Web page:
The second limit is the so-called Hill sphere. It describes the range up to which a planet’s arresting gravity outweighs the gravity of its star. If a moon moves at the outer boundary of this sphere, or even beyond it, it can very easily be thrown out of its orbit and flung away. Where the boundary of this Hill sphere lies depends on the mass and distance of the planet and star.

There is hardly any danger with the Earth’s moon: Its orbit, at 380,000 kilometers from the Earth, lies well within the Earth’s Hill sphere, which extends up to 1.5 million kilometers into space. However, the situation is different for the innermost planet in the solar system: Mercury has a Hill sphere of only 200,000 kilometers – there is not much room for a moon between the Roche limit and the Hill radius.

In addition, planets close to the star usually move in bound rotation around their star – they rotate slowly and always turn the same side to the star. This, however, also slows down the motion of moons in their orbit. The gravitational interactions cause a moon to slow down and sink lower and lower around such slowly rotating planets. As a result, sooner or later a moon crashes into its planet or is torn apart at the Roche limit by its tidal forces.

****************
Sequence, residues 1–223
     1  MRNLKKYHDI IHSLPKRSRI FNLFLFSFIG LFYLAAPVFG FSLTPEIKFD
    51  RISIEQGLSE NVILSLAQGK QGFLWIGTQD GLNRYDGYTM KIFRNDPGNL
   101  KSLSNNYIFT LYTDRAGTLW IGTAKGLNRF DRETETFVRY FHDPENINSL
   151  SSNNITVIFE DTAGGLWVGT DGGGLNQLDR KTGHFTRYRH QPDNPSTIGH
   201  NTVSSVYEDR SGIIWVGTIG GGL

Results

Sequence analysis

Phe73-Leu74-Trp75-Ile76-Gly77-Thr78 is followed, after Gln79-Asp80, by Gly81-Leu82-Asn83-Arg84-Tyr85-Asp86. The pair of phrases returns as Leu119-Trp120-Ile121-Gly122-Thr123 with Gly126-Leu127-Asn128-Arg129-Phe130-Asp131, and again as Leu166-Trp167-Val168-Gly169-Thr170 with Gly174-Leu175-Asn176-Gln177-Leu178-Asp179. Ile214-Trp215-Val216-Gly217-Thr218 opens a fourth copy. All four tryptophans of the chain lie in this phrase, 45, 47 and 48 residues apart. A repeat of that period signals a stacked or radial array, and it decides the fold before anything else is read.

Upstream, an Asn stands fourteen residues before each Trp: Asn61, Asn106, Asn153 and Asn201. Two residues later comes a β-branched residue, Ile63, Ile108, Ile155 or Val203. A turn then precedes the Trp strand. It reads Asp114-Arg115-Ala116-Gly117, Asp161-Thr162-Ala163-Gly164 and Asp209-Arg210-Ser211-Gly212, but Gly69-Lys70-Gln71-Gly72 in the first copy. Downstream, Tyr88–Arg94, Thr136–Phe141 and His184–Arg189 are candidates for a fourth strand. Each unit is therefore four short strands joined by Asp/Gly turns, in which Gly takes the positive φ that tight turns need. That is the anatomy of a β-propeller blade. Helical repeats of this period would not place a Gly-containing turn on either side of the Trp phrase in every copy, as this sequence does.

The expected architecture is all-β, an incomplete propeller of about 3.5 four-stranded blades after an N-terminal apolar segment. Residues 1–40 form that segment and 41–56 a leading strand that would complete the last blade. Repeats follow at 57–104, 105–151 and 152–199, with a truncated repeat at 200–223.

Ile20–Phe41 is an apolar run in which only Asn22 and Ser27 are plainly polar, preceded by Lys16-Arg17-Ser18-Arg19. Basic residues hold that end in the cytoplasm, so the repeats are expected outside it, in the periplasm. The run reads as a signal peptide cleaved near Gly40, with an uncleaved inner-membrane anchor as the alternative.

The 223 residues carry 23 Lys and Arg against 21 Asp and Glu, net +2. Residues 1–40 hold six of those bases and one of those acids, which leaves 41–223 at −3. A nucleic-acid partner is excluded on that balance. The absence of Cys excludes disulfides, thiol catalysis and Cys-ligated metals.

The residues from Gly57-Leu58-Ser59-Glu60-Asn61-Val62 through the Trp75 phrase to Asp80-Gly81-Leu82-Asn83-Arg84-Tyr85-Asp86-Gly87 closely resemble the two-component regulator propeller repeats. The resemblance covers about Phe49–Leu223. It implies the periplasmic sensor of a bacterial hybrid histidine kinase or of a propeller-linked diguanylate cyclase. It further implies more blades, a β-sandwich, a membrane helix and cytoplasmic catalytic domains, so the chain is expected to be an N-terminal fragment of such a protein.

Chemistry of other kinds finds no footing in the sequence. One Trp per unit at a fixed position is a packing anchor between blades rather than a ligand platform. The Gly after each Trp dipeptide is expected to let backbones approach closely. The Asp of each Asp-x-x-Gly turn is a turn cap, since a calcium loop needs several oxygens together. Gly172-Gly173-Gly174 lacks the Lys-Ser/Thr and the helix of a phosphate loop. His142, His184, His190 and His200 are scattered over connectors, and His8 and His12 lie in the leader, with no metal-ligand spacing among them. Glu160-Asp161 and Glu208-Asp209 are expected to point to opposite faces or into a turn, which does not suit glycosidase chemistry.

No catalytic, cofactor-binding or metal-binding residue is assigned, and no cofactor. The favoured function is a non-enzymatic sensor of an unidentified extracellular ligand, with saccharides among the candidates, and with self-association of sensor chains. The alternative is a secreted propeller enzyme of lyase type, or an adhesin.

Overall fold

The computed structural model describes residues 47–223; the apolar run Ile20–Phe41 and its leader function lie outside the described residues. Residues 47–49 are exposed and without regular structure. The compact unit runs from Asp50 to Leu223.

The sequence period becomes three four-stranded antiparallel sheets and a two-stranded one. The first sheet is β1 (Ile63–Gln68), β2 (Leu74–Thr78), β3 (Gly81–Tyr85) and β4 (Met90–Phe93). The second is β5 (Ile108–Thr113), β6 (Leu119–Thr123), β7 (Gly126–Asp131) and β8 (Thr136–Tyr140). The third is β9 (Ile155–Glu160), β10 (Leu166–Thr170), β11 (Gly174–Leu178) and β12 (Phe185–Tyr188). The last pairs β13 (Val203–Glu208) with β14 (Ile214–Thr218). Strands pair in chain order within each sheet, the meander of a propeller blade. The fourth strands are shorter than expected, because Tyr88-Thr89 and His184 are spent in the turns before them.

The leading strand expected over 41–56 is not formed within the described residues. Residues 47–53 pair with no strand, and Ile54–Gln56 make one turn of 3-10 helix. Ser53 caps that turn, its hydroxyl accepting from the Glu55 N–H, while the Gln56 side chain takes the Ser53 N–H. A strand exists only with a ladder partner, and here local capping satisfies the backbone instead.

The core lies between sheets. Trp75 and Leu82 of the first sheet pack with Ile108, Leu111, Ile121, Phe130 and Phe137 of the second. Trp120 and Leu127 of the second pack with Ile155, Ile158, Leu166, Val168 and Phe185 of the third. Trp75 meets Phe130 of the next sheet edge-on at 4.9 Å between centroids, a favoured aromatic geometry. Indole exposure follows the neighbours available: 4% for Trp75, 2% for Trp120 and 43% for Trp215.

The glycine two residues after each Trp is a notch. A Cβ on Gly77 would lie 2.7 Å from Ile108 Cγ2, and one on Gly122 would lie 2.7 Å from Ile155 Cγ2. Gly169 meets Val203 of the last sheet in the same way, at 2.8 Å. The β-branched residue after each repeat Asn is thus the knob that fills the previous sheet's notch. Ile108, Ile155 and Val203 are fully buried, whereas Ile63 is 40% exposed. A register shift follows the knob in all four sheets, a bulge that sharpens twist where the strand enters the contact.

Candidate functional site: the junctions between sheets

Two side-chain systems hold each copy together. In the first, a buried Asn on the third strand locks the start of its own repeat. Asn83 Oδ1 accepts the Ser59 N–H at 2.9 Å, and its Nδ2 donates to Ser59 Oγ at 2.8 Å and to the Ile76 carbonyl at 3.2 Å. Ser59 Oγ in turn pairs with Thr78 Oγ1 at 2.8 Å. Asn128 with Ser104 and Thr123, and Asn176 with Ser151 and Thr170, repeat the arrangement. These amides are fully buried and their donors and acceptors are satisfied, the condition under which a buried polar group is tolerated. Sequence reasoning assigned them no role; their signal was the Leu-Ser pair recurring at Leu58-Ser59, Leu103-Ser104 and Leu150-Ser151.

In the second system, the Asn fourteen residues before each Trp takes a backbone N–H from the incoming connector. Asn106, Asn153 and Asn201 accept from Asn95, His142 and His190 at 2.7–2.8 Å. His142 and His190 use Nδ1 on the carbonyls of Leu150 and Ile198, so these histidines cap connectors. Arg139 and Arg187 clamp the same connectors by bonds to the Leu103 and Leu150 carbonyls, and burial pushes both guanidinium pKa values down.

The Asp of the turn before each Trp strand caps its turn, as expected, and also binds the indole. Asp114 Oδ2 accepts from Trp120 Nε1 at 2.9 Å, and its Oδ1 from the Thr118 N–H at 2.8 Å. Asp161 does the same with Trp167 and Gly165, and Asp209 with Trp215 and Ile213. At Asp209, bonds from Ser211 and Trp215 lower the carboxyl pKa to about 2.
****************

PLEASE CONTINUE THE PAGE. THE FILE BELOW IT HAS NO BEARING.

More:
More chances with outer planets

But what does this mean for the search for extrasolar moons? Astronomers investigated this in 2020 using the example of a good 4,000 exoplanets known so far. To do this, they determined the Hill sphere based on planetary and stellar mass as well as the distance between the planet and the star, and then used a model to simulate whether and how long a moon would remain in orbit around such an exoplanet.